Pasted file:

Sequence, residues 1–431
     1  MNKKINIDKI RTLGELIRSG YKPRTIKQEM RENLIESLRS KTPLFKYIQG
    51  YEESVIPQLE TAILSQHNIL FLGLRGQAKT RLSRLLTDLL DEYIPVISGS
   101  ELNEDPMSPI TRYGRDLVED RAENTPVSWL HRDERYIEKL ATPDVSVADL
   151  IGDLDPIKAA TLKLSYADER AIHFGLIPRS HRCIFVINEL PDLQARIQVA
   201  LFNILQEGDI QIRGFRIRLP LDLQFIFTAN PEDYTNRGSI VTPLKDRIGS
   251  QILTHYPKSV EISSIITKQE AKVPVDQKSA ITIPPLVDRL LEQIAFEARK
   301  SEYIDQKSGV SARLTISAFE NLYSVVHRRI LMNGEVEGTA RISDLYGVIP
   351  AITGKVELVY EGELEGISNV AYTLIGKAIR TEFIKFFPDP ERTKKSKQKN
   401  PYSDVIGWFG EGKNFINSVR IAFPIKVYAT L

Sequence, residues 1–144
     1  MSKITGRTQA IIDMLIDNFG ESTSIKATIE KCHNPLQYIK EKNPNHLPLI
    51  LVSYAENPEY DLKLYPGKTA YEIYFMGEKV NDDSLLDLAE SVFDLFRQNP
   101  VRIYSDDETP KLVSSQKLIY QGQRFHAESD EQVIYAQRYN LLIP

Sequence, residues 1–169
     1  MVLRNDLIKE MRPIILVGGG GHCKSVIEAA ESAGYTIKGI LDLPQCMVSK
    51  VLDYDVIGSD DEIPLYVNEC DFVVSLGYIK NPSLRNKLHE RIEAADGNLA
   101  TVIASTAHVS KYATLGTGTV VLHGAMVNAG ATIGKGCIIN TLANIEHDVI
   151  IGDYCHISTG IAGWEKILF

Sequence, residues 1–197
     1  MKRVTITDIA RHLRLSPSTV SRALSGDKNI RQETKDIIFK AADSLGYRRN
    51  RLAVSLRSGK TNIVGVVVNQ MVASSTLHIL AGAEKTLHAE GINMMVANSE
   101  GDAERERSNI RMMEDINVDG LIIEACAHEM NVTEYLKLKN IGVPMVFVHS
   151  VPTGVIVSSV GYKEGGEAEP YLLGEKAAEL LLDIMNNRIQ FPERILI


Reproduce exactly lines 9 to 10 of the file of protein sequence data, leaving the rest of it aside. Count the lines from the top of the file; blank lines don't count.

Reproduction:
   351  AITGKVELVY EGELEGISNV AYTLIGKAIR TEFIKFFPDP ERTKKSKQKN
   401  PYSDVIGWFG EGKNFINSVR IAFPIKVYAT L